Passive enablers: These are people that refuse to “pick a side” and doubt survivors stories or disagree with survivors coming out about their stories. If you pick no side, you are by default choosing the side of the abuser. If you are more angry with survivors coming out and sharing their stories than you are angry with the abusers, ask yourself why? You may be a passive enabler if you feel that way.Survivors need a voice.It is not wrong to call out abusers because abuse is a pattern and others need to be warned.Abusers always escalate in their abuse. Even abusers that are only emotionally abusive can escalate in their abuse and have the potential to be lethal to their victims.I recently heard a podcast about an abuser who had many victims and even a false identity (Something Was Wrong; Season 9).One of his victims made a website that compiled all of the information they could get on him and all the details of his abuse throughout the years. This website helped many women, and even connected siblings that didn’t know of the others existence!It is amazing what can happen when survivors are brave enough to share their stories. It brings awareness, and by calling it out, it can save lives and help others in ways unimaginable! It can be an important step in trauma recovery.
Clergy: It is common for victims to seek help from clergy.When clergy gets involved that aren’t educated in domestic violence/narcissistic abuse, they treat the situation like any other marriage, and that is very dangerous. Getting advice from uneducated clergy can lead to more trauma and more victim blaming.In healthy marriages, each partner is always working on themselves and every couple has things they struggle with such as communication.Perhaps church marriage programs/groups or meeting with clergy can benefit those couples because both individuals are working on it and it is a safe environment.However, in abusive situations, there is no winning for anyone except the abuser.Abusers are very good at putting on a show and I have seen many abusers have “spiritual awakenings.”It gives false hope to those around them, including the person they are in a relationship with.Working with clergy typically just gives the abuser more ammo to use against her and more power to control her through religious ways.Using their “religion” is just another tool to control her.Clergy really feed into this by making the mistake of treating the abuser like any other healthy person, by letting the abuser control the narrative and make her feel like she has some part in it when she doesn’t, and by giving the abuser another means in which to control her by. Clergy, don’t make this mistake.Get yourself educated in domestic violence, so if someone in your congregation comes to you and tells you stories that are red flags for abuse, your response can be to get her connected to a domestic violence advocate who can help her get out safely, and then support her every step of the way as she heals. Please don’t make the mistake of thinking you can help “save the marriage” because “God hates divorce.” The truth is, God hates His children being abused. God loves His children way more than He hates divorce and is far more concerned for their wellbeing than anything else. Abuse destroys you spiritually.That is not what God wants, so help support them as they heal, don’t traumatize them further by enabling their abuser.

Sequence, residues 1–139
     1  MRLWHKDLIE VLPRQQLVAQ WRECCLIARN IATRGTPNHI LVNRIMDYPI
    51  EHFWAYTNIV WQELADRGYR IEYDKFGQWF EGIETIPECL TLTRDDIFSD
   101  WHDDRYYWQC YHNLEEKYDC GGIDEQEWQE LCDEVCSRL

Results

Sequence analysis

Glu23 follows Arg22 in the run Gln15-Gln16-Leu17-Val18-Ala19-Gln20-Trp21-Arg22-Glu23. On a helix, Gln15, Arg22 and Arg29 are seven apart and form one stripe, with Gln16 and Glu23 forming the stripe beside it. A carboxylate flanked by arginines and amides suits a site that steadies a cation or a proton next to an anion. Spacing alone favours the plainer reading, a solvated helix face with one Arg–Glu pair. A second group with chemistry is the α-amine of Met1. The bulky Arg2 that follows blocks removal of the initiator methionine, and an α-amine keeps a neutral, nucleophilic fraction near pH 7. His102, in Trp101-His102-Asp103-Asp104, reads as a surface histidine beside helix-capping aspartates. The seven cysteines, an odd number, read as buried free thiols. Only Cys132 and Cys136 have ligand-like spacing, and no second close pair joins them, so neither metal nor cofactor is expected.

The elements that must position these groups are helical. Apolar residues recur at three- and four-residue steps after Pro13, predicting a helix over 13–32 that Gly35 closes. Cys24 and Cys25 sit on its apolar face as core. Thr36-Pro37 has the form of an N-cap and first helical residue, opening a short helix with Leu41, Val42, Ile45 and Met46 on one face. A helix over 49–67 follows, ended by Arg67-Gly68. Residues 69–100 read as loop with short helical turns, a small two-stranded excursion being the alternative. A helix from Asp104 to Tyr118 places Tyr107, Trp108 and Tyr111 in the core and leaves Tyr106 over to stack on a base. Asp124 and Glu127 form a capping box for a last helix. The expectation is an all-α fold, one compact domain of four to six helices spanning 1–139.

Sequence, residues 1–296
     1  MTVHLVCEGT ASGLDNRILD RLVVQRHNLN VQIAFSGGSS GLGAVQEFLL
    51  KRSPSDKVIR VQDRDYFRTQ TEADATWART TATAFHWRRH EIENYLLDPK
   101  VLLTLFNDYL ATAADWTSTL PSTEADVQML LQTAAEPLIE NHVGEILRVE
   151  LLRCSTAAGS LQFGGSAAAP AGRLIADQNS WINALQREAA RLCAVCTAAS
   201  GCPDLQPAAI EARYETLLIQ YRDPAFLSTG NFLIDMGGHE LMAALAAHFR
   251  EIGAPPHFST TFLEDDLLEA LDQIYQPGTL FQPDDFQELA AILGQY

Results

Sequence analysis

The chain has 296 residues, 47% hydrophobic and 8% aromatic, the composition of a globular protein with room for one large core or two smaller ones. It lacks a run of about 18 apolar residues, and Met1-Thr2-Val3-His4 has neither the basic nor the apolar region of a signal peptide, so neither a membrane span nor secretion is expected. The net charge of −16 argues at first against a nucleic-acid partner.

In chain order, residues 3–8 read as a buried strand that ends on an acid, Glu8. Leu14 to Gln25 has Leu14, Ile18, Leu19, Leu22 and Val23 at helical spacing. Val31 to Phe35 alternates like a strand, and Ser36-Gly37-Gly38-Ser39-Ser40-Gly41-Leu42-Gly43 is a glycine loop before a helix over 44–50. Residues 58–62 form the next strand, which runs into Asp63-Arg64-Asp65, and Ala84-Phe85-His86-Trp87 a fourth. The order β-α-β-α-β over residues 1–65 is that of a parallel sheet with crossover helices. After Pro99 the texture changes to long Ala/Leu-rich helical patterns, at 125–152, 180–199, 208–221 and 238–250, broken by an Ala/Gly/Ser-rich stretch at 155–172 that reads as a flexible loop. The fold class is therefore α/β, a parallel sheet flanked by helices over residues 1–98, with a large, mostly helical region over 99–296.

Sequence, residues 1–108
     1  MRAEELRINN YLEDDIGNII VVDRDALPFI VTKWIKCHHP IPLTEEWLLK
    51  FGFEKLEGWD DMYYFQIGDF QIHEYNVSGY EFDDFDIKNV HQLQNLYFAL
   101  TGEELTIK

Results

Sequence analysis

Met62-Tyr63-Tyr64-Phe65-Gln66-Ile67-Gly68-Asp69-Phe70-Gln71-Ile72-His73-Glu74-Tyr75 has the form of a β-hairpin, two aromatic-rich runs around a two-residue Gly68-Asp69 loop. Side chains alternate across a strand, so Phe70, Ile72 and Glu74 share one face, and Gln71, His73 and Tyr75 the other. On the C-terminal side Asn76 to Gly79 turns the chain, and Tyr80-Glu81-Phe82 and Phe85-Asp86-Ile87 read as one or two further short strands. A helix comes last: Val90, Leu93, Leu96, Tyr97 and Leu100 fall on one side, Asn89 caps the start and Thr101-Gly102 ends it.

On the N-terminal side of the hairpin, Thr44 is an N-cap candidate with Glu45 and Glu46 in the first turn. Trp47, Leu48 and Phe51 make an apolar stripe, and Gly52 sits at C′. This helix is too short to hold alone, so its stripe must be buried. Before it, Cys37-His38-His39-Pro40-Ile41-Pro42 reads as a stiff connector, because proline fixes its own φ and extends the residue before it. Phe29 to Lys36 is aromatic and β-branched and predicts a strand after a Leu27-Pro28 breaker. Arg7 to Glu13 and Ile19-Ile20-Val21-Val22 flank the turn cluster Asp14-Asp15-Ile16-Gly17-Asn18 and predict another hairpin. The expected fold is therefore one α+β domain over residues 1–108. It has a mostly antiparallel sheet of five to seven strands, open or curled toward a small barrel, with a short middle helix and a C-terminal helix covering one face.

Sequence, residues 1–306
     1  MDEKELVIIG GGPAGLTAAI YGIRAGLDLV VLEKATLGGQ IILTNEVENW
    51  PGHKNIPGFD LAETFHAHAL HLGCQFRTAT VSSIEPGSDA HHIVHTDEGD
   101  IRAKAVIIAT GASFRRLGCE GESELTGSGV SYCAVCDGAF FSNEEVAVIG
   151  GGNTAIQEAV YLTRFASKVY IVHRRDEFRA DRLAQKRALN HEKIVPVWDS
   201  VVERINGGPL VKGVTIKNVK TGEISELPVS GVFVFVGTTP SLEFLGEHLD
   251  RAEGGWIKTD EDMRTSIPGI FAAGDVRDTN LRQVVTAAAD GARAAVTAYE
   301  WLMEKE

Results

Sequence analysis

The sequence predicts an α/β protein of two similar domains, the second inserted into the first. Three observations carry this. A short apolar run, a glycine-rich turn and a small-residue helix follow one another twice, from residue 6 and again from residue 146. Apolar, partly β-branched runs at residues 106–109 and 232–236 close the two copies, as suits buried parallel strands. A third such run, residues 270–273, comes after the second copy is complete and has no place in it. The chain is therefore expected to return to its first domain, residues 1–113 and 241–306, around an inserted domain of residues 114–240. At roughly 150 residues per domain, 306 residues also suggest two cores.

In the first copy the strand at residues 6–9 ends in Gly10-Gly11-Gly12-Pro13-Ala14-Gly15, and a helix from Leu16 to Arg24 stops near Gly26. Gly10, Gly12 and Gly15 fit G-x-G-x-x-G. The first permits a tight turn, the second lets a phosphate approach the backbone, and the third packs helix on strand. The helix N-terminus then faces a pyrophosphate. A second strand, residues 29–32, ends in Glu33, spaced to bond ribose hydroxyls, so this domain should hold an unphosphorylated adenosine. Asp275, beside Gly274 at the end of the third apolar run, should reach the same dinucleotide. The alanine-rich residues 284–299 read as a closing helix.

Mental Health Professionals: Sadly, a lot of mental health professionals are not trained in working with domestic violence.I believe every therapist should be thoroughly trained in this, but especially those that work with couples.I have worked with a lot of women who have survived domestic violence/narcissistic abuse, and the majority of them have stories of traumatic experiences in marital counseling with their abuser.The exact same thing I discussed above in enabling clergy can happen with couples counselors. If there are power and control dynamics, couples counseling will be traumatizing and potentially dangerous. If you are a mental healthy professional, it is so important to get extra training on this topic! You can literally help save lives.
A Message to Parents/Caretakers of Sons and to Enablers: Of course, abuse can happen in any gender, relationship, sexuality, etc.However, the statistics say that 97% of domestic violence is men who are abusers against a female partner (Dutton et al 2006). Domestic violence awareness is great! Teaching girls about red flags and healthy relationships is great!But where is the education for boys to not become abusers? There are a few issues and speculations I have regarding this. When I did a quick google search, unfortunately, I couldn’t find any resources titled “how to teach your sons not to become abusers.”(Perhaps that will be my next blog!) This is a real problem.Right now, if you have a child that is showing abusive traits, there are little resources for those parents and children. We need more resources for these parents and children.We need to start teaching our boys how to respect girls, and how to have healthy relationships. We need to model respecting women in the home.We need to normalize therapy, and normalize calling abuse out instead of making an excuse for it or blaming the victim. That sounds harsh, but it can be done in love, and it will hopefully change the attitude our culture has towards abuse and instead of enabling the abusers or turning a blind eye, we can enable the abusers in a healthy way to take accountability for their behaviors and get real help. Mental health professionals, we need to be aware that abusers can show signs of it in childhood and intercept. To men, it’s time to start normalizing treating women with respect and equality. They are not objects and they deserve equality in every way. To society as a whole, it’s time to stop making excuses, victim blaming, and to put your foot down and say we will not tolerate and enable the abuse anymore. To the legal system, educate yourself extensively on this topic. To the people reading this blog and wondering if you are an enabler, educate yourself on abuse and domestic violence, seek professional help, educate yourself on codependency, apologize to the victims as this will greatly help them in their recovery of the trauma they experienced, and then immediately, with the guidance of a professional, take steps to stop enabling the abuser in the safest way possible. Your love for the narcissist is understandable, but your toxic loyalty is not helpful and is not love.It does not help you, it does not help them, and it certainly doesn’t help their victims. Abusers need extensive, long term professional help from individuals trained in personality disorder and/or batterers intervention programs.They can get help, but only if they are able to take 100% accountability for their abuse of others.Until they get help, they see enablers as pawns in their game of controlling others, including you.
Can you imagine what the world would look like if all of a sudden, abusers were held 100% accountable for their abuse and not enabled by anyone? I bet that would change things quite drastically.